ODEs with discontinuous forcing functions

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Matlab post

Adapted from http://archives.math.utk.edu/ICTCM/VOL18/S046/paper.pdf

A mixing tank initially contains 300 g of salt mixed into 1000 L of water. At t=0 min, a solution of 4 g/L salt enters the tank at 6 L/min. At t=10 min, the solution is changed to 2 g/L salt, still entering at 6 L/min. The tank is well stirred, and the tank solution leaves at a rate of 6 L/min. Plot the concentration of salt (g/L) in the tank as a function of time.

A mass balance on the salt in the tank leads to this differential equation: \(\frac{dM_S}{dt} = \nu C_{S,in}(t) - \nu M_S/V\) with the initial condition that \(M_S(t=0)=300\). The wrinkle is that the inlet conditions are not constant.

$$C_{S,in}(t) = \begin{array}{ll} 0 & t \le 0, \\ 4 & 0 < t \le 10, \\ 2 & t > 10. \end{array}$$

import numpy as np
from scipy.integrate import odeint
import matplotlib.pyplot as plt

V = 1000.0 # L
nu = 6.0  # L/min
    
def Cs_in(t):
    'inlet concentration'
    if t < 0:
        Cs = 0.0 # g/L
    elif (t > 0) and (t <= 10):
        Cs = 4.0
    else:
        Cs = 2.0
    return Cs

def mass_balance(Ms, t):
    '$\frac{dM_S}{dt} = \nu C_{S,in}(t) - \nu M_S/V$'
    dMsdt = nu * Cs_in(t) - nu * Ms / V
    return dMsdt

tspan = np.linspace(0.0, 15.0, 50)

M0 = 300.0 # gm salt
Ms = odeint(mass_balance, M0, tspan)

plt.plot(tspan, Ms/V, 'b.-')
plt.xlabel('Time (min)')
plt.ylabel('Salt concentration (g/L)')
plt.savefig('images/ode-discont.png')

You can see the discontinuity in the salt concentration at 10 minutes due to the discontinous change in the entering salt concentration.

Copyright (C) 2013 by John Kitchin. See the License for information about copying.

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Phase portraits of a system of ODEs

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Matlab post An undamped pendulum with no driving force is described by

$$ y'' + sin(y) = 0$$

We reduce this to standard matlab form of a system of first order ODEs by letting \(y_1 = y\) and \(y_2=y_1'\). This leads to:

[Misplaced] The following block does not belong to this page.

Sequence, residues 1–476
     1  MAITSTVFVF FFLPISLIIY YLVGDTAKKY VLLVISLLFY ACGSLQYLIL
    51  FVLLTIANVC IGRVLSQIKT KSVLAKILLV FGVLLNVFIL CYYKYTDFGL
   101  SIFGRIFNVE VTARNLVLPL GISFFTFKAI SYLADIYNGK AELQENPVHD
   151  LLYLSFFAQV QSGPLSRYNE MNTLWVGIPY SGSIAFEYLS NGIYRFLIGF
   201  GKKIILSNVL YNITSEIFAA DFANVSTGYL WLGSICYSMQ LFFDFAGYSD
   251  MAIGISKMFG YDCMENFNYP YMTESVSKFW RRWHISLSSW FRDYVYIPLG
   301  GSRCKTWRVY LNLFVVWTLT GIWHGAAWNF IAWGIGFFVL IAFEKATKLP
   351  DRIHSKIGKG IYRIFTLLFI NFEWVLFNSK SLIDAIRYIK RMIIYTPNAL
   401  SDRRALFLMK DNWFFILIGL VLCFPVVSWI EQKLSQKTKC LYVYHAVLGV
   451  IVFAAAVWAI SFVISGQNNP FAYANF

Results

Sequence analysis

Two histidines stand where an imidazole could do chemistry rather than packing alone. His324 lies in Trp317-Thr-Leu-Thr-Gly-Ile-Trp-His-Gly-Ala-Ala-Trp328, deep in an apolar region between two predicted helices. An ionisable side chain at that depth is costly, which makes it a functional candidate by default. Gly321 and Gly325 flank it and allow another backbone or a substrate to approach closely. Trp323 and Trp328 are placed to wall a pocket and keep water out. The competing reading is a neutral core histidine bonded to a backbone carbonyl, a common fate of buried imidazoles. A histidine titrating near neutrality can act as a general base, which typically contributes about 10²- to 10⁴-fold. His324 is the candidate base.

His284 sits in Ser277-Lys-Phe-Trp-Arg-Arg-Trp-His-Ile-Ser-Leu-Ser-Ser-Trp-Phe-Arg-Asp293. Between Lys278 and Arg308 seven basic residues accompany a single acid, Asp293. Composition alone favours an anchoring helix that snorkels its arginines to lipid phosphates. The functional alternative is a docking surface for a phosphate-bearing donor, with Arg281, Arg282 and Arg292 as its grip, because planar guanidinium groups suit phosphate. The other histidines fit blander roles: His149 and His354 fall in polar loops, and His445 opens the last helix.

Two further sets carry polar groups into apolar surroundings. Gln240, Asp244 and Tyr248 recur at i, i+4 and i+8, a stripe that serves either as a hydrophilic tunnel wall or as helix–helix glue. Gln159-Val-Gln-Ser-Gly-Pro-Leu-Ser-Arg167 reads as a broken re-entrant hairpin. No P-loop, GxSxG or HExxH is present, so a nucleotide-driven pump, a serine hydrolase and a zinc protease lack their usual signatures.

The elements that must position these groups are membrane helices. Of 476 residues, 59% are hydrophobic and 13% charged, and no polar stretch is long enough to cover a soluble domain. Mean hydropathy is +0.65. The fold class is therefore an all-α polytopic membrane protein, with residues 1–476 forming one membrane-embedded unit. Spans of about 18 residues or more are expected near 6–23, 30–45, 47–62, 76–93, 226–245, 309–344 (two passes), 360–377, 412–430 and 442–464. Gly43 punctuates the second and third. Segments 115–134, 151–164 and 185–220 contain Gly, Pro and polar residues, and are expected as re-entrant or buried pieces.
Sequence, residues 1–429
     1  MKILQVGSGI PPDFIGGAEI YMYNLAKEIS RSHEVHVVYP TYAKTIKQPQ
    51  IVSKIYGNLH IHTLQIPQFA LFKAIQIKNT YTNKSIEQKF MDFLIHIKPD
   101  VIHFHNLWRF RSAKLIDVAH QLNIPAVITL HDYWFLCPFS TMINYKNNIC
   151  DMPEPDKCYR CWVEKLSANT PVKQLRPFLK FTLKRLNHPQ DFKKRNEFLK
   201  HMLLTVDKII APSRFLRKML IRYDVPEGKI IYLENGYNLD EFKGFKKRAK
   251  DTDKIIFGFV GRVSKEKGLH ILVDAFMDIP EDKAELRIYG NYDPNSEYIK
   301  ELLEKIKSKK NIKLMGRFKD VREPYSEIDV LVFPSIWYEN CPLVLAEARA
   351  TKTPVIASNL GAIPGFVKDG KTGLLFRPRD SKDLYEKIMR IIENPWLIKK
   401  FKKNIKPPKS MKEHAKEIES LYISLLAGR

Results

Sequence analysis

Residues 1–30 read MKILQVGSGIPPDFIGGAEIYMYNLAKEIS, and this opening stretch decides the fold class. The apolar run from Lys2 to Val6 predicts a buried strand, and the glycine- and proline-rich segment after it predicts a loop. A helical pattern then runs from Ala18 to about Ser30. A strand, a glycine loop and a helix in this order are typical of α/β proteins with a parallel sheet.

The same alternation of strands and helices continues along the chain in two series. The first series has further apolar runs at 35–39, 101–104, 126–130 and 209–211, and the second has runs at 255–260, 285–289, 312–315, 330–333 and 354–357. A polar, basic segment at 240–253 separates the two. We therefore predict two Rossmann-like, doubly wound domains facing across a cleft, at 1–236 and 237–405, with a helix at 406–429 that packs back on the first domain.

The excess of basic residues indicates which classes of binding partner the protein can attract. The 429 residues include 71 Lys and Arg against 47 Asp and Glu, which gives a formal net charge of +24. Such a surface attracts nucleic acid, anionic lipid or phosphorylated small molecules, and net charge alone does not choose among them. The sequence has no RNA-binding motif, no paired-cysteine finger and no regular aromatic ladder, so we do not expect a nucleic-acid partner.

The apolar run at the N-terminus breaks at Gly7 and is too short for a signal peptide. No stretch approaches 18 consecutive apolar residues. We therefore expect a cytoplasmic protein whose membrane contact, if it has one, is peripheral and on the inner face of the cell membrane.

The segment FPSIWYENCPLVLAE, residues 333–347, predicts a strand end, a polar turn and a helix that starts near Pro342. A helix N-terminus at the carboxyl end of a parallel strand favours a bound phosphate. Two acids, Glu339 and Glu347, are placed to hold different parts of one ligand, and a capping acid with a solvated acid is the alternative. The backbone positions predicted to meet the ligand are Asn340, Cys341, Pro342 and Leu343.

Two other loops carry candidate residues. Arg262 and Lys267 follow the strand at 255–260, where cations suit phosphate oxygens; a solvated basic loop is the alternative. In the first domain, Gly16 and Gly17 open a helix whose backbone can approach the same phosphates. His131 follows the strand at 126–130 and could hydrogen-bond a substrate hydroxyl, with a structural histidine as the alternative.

\(y_1' = y_2\)

\(y_2' = -sin(y_1)\)

The phase portrait is a plot of a vector field which qualitatively shows how the solutions to these equations will go from a given starting point. here is our definition of the differential equations:

To generate the phase portrait, we need to compute the derivatives \(y_1'\) and \(y_2'\) at \(t=0\) on a grid over the range of values for \(y_1\) and \(y_2\) we are interested in. We will plot the derivatives as a vector at each (y1, y2) which will show us the initial direction from each point. We will examine the solutions over the range -2 < y1 < 8, and -2 < y2 < 2 for y2, and create a grid of 20 x 20 points.

import numpy as np
import matplotlib.pyplot as plt

def f(Y, t):
    y1, y2 = Y
    return [y2, -np.sin(y1)]

y1 = np.linspace(-2.0, 8.0, 20)
y2 = np.linspace(-2.0, 2.0, 20)

Y1, Y2 = np.meshgrid(y1, y2)

t = 0

u, v = np.zeros(Y1.shape), np.zeros(Y2.shape)

NI, NJ = Y1.shape

for i in range(NI):
    for j in range(NJ):
        x = Y1[i, j]
        y = Y2[i, j]
        yprime = f([x, y], t)
        u[i,j] = yprime[0]
        v[i,j] = yprime[1]
     

Q = plt.quiver(Y1, Y2, u, v, color='r')

plt.xlabel('$y_1$')
plt.ylabel('$y_2$')
plt.xlim([-2, 8])
plt.ylim([-4, 4])
plt.savefig('images/phase-portrait.png')
>>> ... >>> >>> >>> >>> >>> >>> ... ... ... >>> >>> <matplotlib.text.Text object at 0xbcfd290>
<matplotlib.text.Text object at 0xbd14750>
(-2, 8)
(-4, 4)

Let us plot a few solutions on the vector field. We will consider the solutions where y1(0)=0, and values of y2(0) = [0 0.5 1 1.5 2 2.5], in otherwords we start the pendulum at an angle of zero, with some angular velocity.

from scipy.integrate import odeint

for y20 in [0, 0.5, 1, 1.5, 2, 2.5]:
    tspan = np.linspace(0, 50, 200)
    y0 = [0.0, y20]
    ys = odeint(f, y0, tspan)
    plt.plot(ys[:,0], ys[:,1], 'b-') # path
    plt.plot([ys[0,0]], [ys[0,1]], 'o') # start
    plt.plot([ys[-1,0]], [ys[-1,1]], 's') # end
    

plt.xlim([-2, 8])
plt.savefig('images/phase-portrait-2.png')
plt.show()
>>> ... ... ... [<matplotlib.lines.Line2D object at 0xbc0dbd0>]
[<matplotlib.lines.Line2D object at 0xc135050>]
[<matplotlib.lines.Line2D object at 0xbd1a450>]
[<matplotlib.lines.Line2D object at 0xbd1a1d0>]
[<matplotlib.lines.Line2D object at 0xb88aa10>]
[<matplotlib.lines.Line2D object at 0xb88a5d0>]
[<matplotlib.lines.Line2D object at 0xc14e410>]
[<matplotlib.lines.Line2D object at 0xc14ed90>]
[<matplotlib.lines.Line2D object at 0xc2c5290>]
[<matplotlib.lines.Line2D object at 0xbea4bd0>]